In both their opening statements and their comments in the cluster discussions, many states expressed dismay about the standstill in the Conference on Disarmament. Several delegations argued that the first step toward a nuclear-weapon-free world was the conclusion of negotiations on a Fissile Material Cut-Off Treaty, and that the situation in the CD made it far more difficult to do so. However, there was some disagreement on the appropriate method of addressing this; some argued that States Parties should consider moving negotiations on this issue outside the confines of the CD, while others were reluctant to go so far. Another issue that came up frequently in the Cluster 1 discussions on Thursday was the development of a standard reporting form for the Nuclear Weapon States in accordance with Action Item 21 from the 2010 Action Plan. Several members of the Non-Proliferation and Disarmament Initiative noted that they had proposed such a form and urged the P5 to consider it. Both the United States and France pointed out that Article VI of the NPT pertained to non-nuclear as well as nuclear disarmament obligations, and therefore their statements contained information about their disarmament efforts with regard to biological, chemical, and conventional weapons as well as nuclear weapons. The United Kingdom's statement emphasized their collaboration with Norway in the UK-Norway Initiative to promote research into disarmament verification technologies, a matter they also discussed at a side event. Many of the non-nuclear weapons states spoke to the need for irreversibility, transparency, and verifiability with regard to disarmament efforts. Several also made the comment that reductions in stockpiles, while laudable, were no substitute for complete nuclear disarmament.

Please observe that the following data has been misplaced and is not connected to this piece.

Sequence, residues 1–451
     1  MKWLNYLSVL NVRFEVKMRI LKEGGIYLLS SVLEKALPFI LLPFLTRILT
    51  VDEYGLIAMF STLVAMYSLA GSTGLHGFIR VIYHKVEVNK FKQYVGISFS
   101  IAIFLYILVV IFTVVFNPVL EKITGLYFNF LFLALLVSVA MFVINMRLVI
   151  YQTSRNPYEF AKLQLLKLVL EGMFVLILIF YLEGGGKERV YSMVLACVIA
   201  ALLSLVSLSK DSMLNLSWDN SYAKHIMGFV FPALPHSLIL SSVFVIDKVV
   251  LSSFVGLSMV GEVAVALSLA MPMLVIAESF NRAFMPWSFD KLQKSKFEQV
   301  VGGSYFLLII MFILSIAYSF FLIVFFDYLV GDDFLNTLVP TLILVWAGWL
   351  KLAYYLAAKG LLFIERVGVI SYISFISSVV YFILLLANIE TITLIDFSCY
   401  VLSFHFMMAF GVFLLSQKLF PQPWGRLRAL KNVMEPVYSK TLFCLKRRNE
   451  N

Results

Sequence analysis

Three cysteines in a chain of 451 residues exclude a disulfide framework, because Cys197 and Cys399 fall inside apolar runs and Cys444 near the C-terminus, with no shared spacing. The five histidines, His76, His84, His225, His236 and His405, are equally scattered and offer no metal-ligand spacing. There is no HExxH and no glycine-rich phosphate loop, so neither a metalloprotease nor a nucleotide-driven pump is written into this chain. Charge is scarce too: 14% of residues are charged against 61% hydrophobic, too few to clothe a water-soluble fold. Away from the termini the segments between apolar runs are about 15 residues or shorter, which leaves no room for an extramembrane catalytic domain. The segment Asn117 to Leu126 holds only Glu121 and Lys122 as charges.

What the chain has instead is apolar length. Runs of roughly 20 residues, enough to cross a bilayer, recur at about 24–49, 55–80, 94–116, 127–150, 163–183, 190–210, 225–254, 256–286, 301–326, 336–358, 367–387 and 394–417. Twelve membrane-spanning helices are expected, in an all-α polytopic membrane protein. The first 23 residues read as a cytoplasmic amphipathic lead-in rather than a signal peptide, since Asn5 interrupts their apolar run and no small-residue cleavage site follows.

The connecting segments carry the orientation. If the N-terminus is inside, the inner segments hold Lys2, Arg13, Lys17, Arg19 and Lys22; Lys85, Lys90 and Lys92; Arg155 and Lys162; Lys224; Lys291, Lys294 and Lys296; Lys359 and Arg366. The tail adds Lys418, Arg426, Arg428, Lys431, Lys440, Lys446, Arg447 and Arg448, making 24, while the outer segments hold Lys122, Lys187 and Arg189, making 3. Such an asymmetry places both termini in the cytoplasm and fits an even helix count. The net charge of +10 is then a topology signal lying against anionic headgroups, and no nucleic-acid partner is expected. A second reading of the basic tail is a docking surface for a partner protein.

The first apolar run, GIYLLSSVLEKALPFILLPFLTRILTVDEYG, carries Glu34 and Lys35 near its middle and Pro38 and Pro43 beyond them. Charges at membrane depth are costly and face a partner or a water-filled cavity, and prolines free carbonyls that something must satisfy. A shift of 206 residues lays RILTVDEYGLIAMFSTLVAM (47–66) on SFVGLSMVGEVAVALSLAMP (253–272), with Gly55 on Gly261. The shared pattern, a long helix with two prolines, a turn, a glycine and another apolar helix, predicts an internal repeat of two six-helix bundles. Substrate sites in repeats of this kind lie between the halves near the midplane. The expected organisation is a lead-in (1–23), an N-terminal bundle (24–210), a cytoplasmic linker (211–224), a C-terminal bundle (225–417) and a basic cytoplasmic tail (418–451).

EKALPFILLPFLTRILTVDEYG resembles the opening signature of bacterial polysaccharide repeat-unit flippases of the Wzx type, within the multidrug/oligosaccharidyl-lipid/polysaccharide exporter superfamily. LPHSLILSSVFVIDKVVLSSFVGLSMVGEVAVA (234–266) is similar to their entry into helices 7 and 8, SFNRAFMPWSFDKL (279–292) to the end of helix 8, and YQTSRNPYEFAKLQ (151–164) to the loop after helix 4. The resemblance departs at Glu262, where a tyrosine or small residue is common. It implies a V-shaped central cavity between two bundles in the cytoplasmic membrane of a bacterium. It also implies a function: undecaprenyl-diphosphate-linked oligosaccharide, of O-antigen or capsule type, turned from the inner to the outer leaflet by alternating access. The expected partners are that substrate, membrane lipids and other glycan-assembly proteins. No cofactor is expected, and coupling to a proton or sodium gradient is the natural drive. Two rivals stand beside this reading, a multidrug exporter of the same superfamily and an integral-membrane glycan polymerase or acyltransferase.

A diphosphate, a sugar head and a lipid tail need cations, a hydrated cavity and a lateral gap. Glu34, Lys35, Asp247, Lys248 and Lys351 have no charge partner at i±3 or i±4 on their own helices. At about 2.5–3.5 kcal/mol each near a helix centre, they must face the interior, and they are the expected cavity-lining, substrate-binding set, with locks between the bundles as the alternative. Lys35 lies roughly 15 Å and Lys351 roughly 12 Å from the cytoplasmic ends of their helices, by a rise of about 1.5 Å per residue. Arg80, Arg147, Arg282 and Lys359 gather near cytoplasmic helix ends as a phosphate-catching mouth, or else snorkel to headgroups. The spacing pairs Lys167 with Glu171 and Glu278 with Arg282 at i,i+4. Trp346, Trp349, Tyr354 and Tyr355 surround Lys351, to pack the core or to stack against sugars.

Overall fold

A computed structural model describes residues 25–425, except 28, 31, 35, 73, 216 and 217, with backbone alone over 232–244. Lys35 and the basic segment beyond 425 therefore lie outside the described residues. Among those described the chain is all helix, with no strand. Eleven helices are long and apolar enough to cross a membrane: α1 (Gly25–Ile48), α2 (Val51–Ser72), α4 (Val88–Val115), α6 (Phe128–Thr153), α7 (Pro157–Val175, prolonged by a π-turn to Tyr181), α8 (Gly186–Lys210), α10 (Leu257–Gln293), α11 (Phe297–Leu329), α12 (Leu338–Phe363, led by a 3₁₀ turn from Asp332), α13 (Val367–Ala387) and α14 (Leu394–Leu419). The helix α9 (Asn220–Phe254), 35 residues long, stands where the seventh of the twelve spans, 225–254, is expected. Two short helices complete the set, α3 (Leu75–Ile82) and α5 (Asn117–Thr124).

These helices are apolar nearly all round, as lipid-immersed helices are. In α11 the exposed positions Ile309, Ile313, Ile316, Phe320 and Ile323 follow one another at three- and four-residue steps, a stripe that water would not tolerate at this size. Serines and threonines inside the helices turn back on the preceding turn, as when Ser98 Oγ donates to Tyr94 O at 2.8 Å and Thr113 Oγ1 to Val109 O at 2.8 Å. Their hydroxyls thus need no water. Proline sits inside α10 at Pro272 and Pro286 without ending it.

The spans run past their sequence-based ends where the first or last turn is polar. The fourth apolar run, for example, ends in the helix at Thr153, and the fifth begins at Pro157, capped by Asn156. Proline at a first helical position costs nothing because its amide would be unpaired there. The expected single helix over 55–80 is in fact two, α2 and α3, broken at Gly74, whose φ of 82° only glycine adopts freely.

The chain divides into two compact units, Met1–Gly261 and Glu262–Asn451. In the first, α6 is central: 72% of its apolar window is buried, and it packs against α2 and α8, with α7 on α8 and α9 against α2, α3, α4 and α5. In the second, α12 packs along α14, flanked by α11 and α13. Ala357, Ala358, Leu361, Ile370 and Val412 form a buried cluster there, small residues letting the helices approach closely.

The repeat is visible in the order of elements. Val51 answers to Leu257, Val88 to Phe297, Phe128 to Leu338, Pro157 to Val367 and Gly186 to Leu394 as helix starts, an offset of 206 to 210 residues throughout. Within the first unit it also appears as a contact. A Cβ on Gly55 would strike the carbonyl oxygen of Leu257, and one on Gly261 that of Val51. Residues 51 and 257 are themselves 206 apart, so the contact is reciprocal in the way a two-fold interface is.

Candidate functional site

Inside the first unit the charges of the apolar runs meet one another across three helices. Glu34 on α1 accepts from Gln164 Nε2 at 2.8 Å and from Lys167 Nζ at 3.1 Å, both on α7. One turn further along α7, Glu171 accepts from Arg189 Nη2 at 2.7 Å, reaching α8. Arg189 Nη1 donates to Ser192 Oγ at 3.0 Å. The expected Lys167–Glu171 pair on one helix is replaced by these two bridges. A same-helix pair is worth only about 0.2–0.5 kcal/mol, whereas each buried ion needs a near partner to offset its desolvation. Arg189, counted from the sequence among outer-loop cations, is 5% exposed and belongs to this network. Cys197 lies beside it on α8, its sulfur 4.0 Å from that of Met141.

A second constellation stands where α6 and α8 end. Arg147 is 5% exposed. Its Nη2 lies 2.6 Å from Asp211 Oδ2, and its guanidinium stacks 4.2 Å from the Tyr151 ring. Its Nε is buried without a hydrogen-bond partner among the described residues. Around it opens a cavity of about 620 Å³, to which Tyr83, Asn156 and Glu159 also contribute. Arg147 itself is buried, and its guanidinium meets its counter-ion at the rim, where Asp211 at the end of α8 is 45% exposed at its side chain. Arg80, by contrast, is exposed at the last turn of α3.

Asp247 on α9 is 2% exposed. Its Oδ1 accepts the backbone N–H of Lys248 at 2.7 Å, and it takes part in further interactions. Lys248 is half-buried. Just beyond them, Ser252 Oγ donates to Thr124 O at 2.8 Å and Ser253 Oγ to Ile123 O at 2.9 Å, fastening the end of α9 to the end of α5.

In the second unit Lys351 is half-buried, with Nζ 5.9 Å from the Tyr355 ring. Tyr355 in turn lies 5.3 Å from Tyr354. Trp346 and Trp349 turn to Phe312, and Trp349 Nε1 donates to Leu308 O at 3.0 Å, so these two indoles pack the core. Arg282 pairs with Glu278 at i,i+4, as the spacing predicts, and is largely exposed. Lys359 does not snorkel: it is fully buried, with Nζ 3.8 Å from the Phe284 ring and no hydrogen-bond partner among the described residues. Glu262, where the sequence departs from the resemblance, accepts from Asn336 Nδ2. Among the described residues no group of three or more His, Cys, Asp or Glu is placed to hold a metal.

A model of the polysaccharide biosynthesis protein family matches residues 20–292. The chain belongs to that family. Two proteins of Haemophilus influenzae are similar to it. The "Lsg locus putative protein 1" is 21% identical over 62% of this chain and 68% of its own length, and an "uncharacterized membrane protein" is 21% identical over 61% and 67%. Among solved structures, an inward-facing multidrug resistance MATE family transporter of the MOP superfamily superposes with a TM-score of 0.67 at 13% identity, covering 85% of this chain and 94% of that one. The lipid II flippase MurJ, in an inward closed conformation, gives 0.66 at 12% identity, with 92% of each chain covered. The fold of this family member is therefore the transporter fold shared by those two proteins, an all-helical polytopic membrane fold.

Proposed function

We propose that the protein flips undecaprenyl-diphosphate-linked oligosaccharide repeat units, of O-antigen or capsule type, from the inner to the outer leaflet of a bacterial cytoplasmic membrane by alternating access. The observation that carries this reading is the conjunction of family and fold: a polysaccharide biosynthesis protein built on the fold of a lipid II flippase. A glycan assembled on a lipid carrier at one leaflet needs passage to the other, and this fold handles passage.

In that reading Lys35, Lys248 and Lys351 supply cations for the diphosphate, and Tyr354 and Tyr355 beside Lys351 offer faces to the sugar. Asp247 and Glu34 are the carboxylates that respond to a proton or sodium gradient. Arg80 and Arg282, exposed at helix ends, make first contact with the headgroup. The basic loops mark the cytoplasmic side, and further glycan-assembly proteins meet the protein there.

There were two side events held in the morning. The New Agenda Coalition offered a briefing for NGOs, coordinated by Reaching Critical Will. Representatives from Brazil, South Africa, Sweden, and Mexico spoke about the NAC's goals for this year's PrepCom and the 2015 review cycle.